Have you ever bought something with a Fair Trade label and pondered what the label meant? In its most basic form, Fair Trade certification indicates that a product complies with specified laws that aid in the promotion of equitable and long-term trade relationships, and primarily involves those who live and work in a variety of developing nations.
But to the farmers who participate in the Fair Trade system, it can mean much more than that. This leads however to a very good question that many people really do not understand the answer to: how does Fair Trade help farmers?
Fair Trade Explained
As we just mentioned, although the movement is now over 70 years old, lots of consumers do not quite understand what Fairtrade is.
A very basic explanation would be that Fair Trade is a global movement that advocates for fair prices, higher wages, sustainable agriculture, and better standard of living for farmers and workers in poor nations, particularly in South America, Africa, and other regions of the Global South. A fair trade certification agency assures that the manufacturer follows a range of social, economical, and environmental norms when a product is Fair Trade certified.
What Farmed Products Can Be Fair Trade Certified?
Fair trade certified coffee is perhaps the most well-known farmed commodity on the fairtrade marketplace, although cocoa, teas, honey, sugars, fruits, vegetables, seafood, and wine are other popular fair-trade commodities.
How Does Fair Trade Help Farmers?
Many, but not all, of the producers involved in the modern Fair Trade system on a global level are farmers. These people are based throughout the system geographically, and produce a range of goods, but share one thing in common: the survival of their livelihood is often under significant threat, and, by extension, so the survival of their families and communities.
It seeks to help them, but just how does it do that? Here is a look at some of the positive ways the question of how does Fair Trade help farmers can be answered.
Farming Income Sustainability
Fair Trade assists producers in establishing minimum pricing, which protects fair Trade producers from volatile market prices. If the market price for a commodity falls, as it frequently does in the case of coffee, the minimum price guarantees that farmers and workers are still able to afford their basic living expenses.
This benefits more than just the business owning farmer of record, though. One of the first cuts farmers make when their income sources are dangerously erratic is to the amount they pay their workers. These workers often accept this as a fact of life, but that does not mean it does not have a significant impact on their lives and those of their families.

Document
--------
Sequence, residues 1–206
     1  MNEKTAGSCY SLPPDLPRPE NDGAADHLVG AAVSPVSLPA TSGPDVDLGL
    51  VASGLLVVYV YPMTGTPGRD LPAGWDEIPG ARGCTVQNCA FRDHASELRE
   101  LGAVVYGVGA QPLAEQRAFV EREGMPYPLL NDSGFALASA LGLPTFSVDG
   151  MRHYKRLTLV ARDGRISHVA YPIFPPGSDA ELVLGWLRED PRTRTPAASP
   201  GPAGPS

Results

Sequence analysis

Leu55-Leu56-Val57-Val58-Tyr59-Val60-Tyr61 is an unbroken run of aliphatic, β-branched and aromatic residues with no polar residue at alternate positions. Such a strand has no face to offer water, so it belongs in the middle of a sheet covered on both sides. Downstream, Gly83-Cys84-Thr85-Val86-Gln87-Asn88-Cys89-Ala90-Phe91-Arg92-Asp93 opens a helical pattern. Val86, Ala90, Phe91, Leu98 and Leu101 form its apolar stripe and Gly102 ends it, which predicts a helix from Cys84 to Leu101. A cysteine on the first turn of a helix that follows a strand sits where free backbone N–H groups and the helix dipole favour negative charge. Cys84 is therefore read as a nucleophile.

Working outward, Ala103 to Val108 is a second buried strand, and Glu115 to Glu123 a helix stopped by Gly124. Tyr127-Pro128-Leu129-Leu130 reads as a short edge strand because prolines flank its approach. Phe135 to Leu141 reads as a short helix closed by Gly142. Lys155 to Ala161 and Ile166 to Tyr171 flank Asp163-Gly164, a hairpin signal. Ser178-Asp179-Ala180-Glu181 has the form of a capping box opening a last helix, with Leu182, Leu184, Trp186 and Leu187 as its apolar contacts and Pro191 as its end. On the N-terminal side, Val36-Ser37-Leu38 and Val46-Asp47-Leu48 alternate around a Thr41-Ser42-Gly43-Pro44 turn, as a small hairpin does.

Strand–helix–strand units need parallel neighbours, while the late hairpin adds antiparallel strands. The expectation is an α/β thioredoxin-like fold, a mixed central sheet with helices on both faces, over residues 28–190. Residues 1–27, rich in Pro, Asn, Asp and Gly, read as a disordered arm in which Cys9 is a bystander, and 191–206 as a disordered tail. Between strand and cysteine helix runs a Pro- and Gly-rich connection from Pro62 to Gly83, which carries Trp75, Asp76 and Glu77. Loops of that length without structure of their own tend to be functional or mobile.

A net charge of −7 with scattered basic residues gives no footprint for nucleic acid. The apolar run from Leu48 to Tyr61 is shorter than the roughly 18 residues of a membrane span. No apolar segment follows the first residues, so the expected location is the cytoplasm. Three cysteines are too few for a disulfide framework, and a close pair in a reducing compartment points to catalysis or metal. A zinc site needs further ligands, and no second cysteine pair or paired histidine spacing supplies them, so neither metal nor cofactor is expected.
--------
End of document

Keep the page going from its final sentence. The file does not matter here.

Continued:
The promise of a living wage also means that families do not follow the long-established, but very harmful practice, of offering up their children as farmworkers. Child labour is a significant problem worldwide and the Fair Trade system has helped end it in innumerable farming communities.
The vast majority of new Fair Trade farmers have been following the same agricultural practices that have been in place for centuries in their communities. Fair Trade participation can give them access to educational resources that can help make their processes faster, more efficient, and more profitable.
Life Skills Education
Another educational benefit for farmers in the Fair Trade system is access to a wide range of life skills education, especially when it comes to the better and more efficient management of money. By becoming part of a global market, farmers can use this new knowledge to help ensure that they get the best possible ROI on their effort.
It is not just them that can benefit from this type of education, either. The excess revenue generated from the Fair Trade Premium is placed into a bank account controlled by a group of fair trade farmers and employees in the area.
The community decides how to spend the money, which can be used as a salary bonus or invested in communal amenities such as cleaner water systems, healthcare, and schools. Financial education resources help them decide the best ways to do this in order to reap the most benefits for everyone.
Opportunities for Women
In many of the developing nations the Fairtrade system operates in, women have always made up a significant portion of the farmworker population, but a portion that is underpaid when compared to their male counterparts and often subject to all kinds of abuses.
Fair Trade not only allows these women access to better wages on a guaranteed and freedom from discrimination but also the chance to establish farming operations in their own names, helping build a better future for themselves and their families.
The negative effects of modern agriculture on the environment are reaching a tipping point. The one thing that most people do know about Fair Trade farmers is that they are held to higher environmental standards by their Fair Trade contracts, and while they might not know the specifics of how the farming methods and practices differ, they know that this is probably a good thing.
And it is. In an ideal world all farmers would be, but until that is the case, the global positive impact of these environmentally friendly farming practices is still significant. The practices help protect the immediate environment around Fair Trade farms but given that every effort to reduce the environmental damage some modern farming methods cause has a knock-on effect they help on a global level too.
The Fair Trade system is not perfect, and even seventy years on, there is still much room for improvement. However, now that you have a better understanding of how Fair Trade helps farmers, their workers, and their community at large, you can better understand why making that minor change at the grocery store, and actively looking for Fair Trade goods to buy can be more significant than you might have thought.